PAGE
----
In recent years, the world of basketball, especially in the professional ranks, has become an analytics-centric game. As a result, we now measure advanced statistics with complex abbreviations such as PER, which is spelled out as the Player Efficiency Rating, and PIE which is the abbreviation for Player Impact Estimate. But before we get to these complex terms, we need to go through the basics. So, in this article, we’ll answer one of basketball’s rudimentary questions: What is a field goal in basketball?
We’ll also take a crash course into more modern analytics, such as the field goal percentage and the effective field goal percentage. With these metrics, we’ll give you a glimpse into how the game has changed over the years and how players transitioned from one era to the next.
What Does FG Stand for in Basketball?
When you look at the box score of a basketball game, you’ll see a column dedicated to FG. It’s an abbreviation for field goal and is often represented by a ratio that indicates how many shots are made against how many are attempted by a single player or by a team’s collective effort.
Admittedly, it’s pretty difficult to explain why it is called a field goal in basketball when we don’t use either of these terms anywhere else. But, fortunately, scholars of the game were able to trace its origins to basketball’s close ties to American football.
Initially, the game was created to give athletes an alternative to play indoors while the football fields were not usable due to harsh American winters. Dr. James Naismith, therefore, decided to call a made basket a field goal because of its similarities to football’s concept of the field goal.
What Counts as a Field Goal in Basketball?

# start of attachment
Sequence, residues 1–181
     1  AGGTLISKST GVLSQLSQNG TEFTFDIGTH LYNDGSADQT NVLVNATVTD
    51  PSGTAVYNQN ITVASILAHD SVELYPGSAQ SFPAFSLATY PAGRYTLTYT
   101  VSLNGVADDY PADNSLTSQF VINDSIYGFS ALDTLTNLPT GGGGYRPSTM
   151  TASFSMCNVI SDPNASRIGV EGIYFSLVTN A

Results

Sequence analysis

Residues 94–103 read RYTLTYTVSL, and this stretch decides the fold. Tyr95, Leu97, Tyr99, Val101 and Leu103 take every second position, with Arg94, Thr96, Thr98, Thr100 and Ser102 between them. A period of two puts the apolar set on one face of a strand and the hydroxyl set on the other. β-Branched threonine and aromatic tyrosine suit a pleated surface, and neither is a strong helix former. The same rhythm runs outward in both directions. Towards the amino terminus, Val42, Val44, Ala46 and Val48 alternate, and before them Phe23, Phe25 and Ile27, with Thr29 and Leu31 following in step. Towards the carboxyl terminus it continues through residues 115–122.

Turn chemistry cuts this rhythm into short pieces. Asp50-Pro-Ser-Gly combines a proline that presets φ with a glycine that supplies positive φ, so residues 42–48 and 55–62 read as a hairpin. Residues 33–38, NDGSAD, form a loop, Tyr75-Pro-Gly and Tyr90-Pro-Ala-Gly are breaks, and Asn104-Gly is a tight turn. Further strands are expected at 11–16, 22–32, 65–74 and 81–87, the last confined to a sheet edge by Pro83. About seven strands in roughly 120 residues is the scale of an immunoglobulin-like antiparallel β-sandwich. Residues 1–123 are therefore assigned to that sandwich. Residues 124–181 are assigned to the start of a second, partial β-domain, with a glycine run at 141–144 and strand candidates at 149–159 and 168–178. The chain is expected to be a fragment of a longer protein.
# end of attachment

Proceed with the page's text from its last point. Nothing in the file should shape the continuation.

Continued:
However, the field goal in basketball is a much more integral aspect of the game than it is in football. In a way, making field goals is the most crucial objective of a team in order to win a game as they’re what put the most points on the scoreboard in basketball.
As one of the most basic statistics in the game, the field goal is rather easy to define. Generally, any basket made while the game clock is running will be considered a field goal. By this definition, mid-range jump shots, layups, and three-pointers are all considered field goals. So, since the clock is off during a free throw, it’s not technically categorized as a field goal.
So, “Is dunk a field goal?”, you might ask. The answer is pretty simple. Yes, it’s considered field goal as long as was attempted during a live-ball situation.
Different Types of Field Goals in Basketball
You may come across a box score representing field goals in two columns, the FGM and the FGA. They’re basically just two different sub-categories of field goals.
Field Goals Made (FGM) – Only made baskets are listed as field goals.
Field Goals Attempted (FGA) – All field goals attempted, including missed ones, will be listed under field goals attempted.
Basketball analysts use these two values to determine the field goal percentage, often abbreviated in box scores as FG%, of either individual players or their entire team. A player’s field goal percentage is usually a basic metric for measuring their effectiveness at scoring.
What is Generally Considered as a Good FG Percentage in Basketball?